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What’s right?

Perhaps a lot. Certainly more Right than what’s wrong. Pakistan came into existence about 75 years back, which in the life of building nations is relatively short span of time. A country carved out of sub- continent, with more splitting features, than unifying, obviously needs more time, than those countries that have homogeneity. But Pakistan did it, notwithstanding, the breaking away of East Pakistan, which occurred more due to diabolical machinations of the enemy forces which in turn were supported by international power brokers. In diversity, it has found unity. Small aberrations to the contrary exist in every country; in neighbouring India, there are at least 10 provinces (states) where there are suppressed separatist movements.

Pakistan has around it four neighbours. Each of them is in different stages of economic and political evolution. The area is both volatile and progressive. We get affected by the events in these countries. We have waged a battle to bring peace to at least in one neighbour, alongside the forces of international community. A price we paid. A price we continue to pay. Yet, Pakistan is seen as a country that can easily play its dominant role in regional politics.

We began our nuclear research programme in mid-seventies, and by the late 1980s we were ready; compulsions of international politics prevented its pronouncement. Indian detonation, the second one, prompted a reaction. Our scientists delivered results. The objective being that it is a mere deterrent, and no more. We have emerged as a responsible state.

A hostile neighbour brought upon us almost four wars in different time zones of our existence; our well trained armed forces repulsed, with force. And recently, it was demonstrated to any who may imagine to do any misadventure against our beloved country how our state of preparedness is — in less than few minutes, both intruding aircraft were downed. We have an army that every single citizen is proud of, and that it is formidable, developed in a short span of time is commendable. Enough reason to know that, there is strong right here.

There are many positives about Pakistan that are overlooked as a given thing by the compatriots and deliberately ignored by those who are pained to see our progress despite the many oddities of a myriad of challenges. This piece cannot do full justice to the many good aspects this nation represents, so here on the canvas are only few strokes of brushes with some well-grounded colours of facts.

Pakistan today, amongst the comity of nations, is the 24th largest economy of the world. In 1947, the combined population of both the west and eastern wings was 30 million; today without East Pakistan, it is a teeming population of 227 million people. In the first four decades following Independence, our average GDP growth was 6%. In the 1960s we were an economic miracle in South Asia. It is believed that South Korea took our blueprint of the economic model and implemented it successfully. Political upheavals didn’t permit the sustainability of that model in our case, but the Koreans pursued it tooth and nail. We have the results before us. They progressed and we stalled. The point to highlight is that we have always had and continue to have brain power to innovate and do something new and different. We were on right course.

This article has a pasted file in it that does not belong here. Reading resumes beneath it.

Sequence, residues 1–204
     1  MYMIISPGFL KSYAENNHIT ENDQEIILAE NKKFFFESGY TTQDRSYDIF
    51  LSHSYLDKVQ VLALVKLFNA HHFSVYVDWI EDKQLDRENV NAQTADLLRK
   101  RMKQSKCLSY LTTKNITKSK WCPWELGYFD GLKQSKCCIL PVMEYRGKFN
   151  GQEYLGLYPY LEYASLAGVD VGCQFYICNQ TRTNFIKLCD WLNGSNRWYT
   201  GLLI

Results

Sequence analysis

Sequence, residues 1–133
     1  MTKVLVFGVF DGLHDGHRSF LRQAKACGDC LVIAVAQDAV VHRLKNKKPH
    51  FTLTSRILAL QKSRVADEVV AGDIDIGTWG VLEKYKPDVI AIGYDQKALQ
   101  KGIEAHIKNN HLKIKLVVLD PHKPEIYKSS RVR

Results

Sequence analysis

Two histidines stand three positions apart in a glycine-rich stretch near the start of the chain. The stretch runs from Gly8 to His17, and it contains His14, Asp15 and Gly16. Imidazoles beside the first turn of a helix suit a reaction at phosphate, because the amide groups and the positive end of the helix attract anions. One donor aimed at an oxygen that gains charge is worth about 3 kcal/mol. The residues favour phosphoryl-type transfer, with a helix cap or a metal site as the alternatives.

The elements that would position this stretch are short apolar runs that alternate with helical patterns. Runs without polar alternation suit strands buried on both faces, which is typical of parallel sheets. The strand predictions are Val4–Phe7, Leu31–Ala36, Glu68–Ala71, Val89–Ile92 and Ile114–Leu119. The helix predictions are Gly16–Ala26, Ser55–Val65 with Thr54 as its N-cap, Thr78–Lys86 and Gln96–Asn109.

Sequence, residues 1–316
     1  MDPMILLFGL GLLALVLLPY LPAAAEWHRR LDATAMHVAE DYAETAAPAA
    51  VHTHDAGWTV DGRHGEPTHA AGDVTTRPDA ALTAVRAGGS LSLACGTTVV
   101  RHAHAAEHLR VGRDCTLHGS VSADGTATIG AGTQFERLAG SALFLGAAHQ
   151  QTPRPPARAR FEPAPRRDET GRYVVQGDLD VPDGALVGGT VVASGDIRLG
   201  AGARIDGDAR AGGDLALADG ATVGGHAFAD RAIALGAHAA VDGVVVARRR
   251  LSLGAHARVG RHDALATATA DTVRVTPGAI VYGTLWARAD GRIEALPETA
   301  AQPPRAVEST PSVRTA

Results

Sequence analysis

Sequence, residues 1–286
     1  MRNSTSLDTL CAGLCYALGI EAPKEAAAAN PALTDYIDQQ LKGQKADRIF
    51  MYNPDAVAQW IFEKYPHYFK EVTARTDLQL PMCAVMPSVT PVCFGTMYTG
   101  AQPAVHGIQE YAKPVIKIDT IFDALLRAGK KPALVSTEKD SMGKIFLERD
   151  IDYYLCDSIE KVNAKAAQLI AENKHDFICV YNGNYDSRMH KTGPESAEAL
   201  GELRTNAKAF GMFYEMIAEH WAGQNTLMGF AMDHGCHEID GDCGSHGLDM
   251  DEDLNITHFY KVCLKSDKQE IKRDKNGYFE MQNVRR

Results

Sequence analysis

Pakistan was and is a land of opportunities. The size of our population gives us the status of a market to be reckoned with. The geostrategic location allows us to be the key to the Gulf and the Central Asia Republics. We are positioned to promote transit trade, bringing in revenue, from overseas. Our current GDP’s size is $347 billion while the external debt stands at $127 billion. The economy has great potential to grow. We are moving from an agrarian economic model to a fair and healthy combination of industrialisation with improvements in agricultural output. Undoubtedly, there is significant room for improving the yields per acre. The arable land is 25%, which is a blessing. The soil is fertile. We continue to produce and in some good years have exportable surpluses too; the major crops being, wheat, rice, cotton and sugarcane. To protect our water resources we built the world’s largest earth-filled dam, Tarbela, followed by Mangla; right now three dams are under speedy construction. We have done right. We are moving in right direction in saving water resources. The wastage will be prevented.

We are blessed abundantly with resources of produce and excavation. We have the 2nd highest salt reserves; 3rd highest copper reserves; 5th highest coal reserves, 5th highest gold; and our cotton production is 4th highest, 4th highest milk production; 8th highest wheat production and 9th highest meat production. With that economic profile of resources, we can only do better, through focused planning and management.

We have done reasonably well in the following sectors: food processing, logistics, textiles, cement, automotive, IT, housing and construction, tourism and hospitality. Our fruits are in great demand globally such as mangoes, oranges and berries. These are exported too, giving us forex earnings. We are on right trajectory to promote domestic tourism. With political stability, this industry will receive a major boost.

Our trade volumes with our business partners continue to grow. We have a decent combined trade turnover of $95 billion. This is likely to grow with export target set for $35 billion during the next fiscal. We are moving in the right direction; imports will be curbed. Again, the country’s compass appears to be in right direction